Free speech gone but supposedly free energy through renewables is here to stay. What a scam!
As Margaret Thatcher put it: “The problem with socialism is that you eventually run out of other people’s money.”
That adage, however, doesn’t appear to trouble Britain’s current PM, Boris Johnson, whose plan to squander a further £50,000,000,000 on subsidies and over-the-market contracts for intermittent offshore wind power beggars belief.
But that colossal crony-capitalist boondoggle, is a mere snip by comparison with the £3 trillion that he’s planning to squander on an effort to completely remove carbon dioxide gas from the British atmosphere – well, at least the kind generated by all human activity, that is.’ Lots more of this article at https://stopthesethings.com/2021/01/16/command-control-subsidised-wind-power-central-to-britains-great-socialist-reset/
‘You know the wind and solar industries are in trouble when they’re reduced to muttering about humongous batteries saving their bacon.
Around the world, renewable energy rent-seekers have been furiously peddling the myth that mega-batteries are a free and easy solution to the hopeless intermittency of weather-dependent wind and solar.
The line goes that giant banks of lithium ion cells can store ‘free and abundant’ wind and solar power, whenever the sun is up and the wind is blowing (just right). Then, at absolutely zero cost to power consumers, these monster grid-scale batteries can lovingly release groovy ‘green’ power at any time that businesses and households need it.
Back in 2017, South Australia, Australia’s wind power capital, squandered $150 million on one of Elon Musk’s creations, that would power the state for all of 4 minutes when the wind stops blowing and/or the sun goes down.
Giant lithium ion batteries are touted as the antidote to the inherent chaos that comes with attempting to rely on sunshine and breezes; bringing stability and security to a grid on the brink of collapse.
However, as Rafe Champion details below, claims by wind and solar worshippers that ‘big batteries will save us’ is just another humongous lie perpetuated by those with serious skin in the game.’https://stopthesethings.com/2021/01/15/no-renewables-recharge-busting-the-big-batteries-will-save-wind-solar-myth/
What would make a politician want to destroy their own nation? I suppose there are numerous reasons why but one way those in the USA and Australia are seeking to do it is through so-called renewable energy such as wind and solar. In Australia electricity prices were once the lowest in the world due to the abundance of cheap coal BUT no longer is that the case as coal is a dirty word. Now in the good ole USA ‘Joe Biden’s plan to carpet America wall-to-wall with 60,000 wind turbines and millions of solar panels comes with a staggering cost, and it’s America’s poor that will pay the heaviest price for the Democrat’s delusional energy policy.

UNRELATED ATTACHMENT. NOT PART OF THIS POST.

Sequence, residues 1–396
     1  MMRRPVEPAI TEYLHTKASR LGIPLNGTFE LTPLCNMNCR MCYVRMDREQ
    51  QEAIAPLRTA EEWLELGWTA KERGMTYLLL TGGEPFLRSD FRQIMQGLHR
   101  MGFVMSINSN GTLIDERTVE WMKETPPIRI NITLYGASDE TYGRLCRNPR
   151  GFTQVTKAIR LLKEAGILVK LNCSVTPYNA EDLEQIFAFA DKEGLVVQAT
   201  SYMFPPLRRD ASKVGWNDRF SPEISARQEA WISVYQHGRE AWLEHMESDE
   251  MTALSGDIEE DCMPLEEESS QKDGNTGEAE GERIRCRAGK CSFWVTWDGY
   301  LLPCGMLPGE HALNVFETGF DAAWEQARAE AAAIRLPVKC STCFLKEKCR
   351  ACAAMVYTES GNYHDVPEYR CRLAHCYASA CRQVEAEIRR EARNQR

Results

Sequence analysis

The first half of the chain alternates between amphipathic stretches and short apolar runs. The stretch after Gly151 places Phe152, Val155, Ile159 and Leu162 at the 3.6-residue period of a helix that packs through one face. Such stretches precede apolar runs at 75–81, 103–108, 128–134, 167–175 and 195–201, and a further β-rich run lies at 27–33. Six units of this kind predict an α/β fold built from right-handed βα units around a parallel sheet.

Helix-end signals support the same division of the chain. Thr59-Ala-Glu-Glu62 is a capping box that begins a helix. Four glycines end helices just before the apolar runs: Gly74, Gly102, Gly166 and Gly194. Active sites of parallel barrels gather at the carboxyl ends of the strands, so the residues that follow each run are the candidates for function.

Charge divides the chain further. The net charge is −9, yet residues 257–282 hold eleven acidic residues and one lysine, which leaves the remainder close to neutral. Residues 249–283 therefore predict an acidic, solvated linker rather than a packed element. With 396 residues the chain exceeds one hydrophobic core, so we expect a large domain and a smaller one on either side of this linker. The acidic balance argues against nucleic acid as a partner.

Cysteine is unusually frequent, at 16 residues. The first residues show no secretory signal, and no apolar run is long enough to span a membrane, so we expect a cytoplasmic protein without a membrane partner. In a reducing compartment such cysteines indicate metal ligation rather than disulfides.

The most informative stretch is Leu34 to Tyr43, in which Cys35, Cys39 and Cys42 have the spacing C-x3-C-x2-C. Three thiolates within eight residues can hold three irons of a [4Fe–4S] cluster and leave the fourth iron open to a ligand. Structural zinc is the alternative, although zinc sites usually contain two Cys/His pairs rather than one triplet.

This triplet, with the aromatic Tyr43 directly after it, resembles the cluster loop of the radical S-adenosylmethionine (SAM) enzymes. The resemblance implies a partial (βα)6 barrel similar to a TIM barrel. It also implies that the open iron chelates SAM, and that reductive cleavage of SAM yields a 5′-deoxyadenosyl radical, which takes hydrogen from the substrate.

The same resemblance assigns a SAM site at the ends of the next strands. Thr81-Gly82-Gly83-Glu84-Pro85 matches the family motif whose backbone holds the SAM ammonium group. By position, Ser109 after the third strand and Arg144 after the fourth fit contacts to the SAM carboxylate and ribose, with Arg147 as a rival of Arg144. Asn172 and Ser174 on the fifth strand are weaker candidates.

The only thing guaranteed about subsidising wind and solar is rocketing power prices and unreliable electricity. Ask a German, Dane or South Australian.
In a country still reeling from the economic havoc caused by political responses to the coronavirus, the last thing Americans need is to increase the cost of living and doing business.
But that’s precisely what’s coming, as Brian Leyland and Tom Harris contend below.
Bryan Leyland MSc, DistFEngNZ, FIMechE, FIEE (rtd), MRSNZ, is a Power Systems engineer with more than 60 years’ experience in New Zealand and overseas. Tom Harris, M. Eng, is executive director of the Ottawa, Canada-based International Climate Science Coalition.
Biden’s Energy Plans Are Expensive—and Dangerous
PJ Media – Brian Leyland and Tom Harris
19 December 2020
Joe Biden wants the electric grid of the United States to be powered solely by energy sources that do not emit carbon dioxide by 2035. In the Unity Task Force plan that the former vice-president released with Senator Bernie Sanders (I-Vt.), the commitment is made that:
Within five years, we will install 500 million solar panels, including eight million solar roofs and community solar energy systems, and 60,000 made-in-America wind turbines.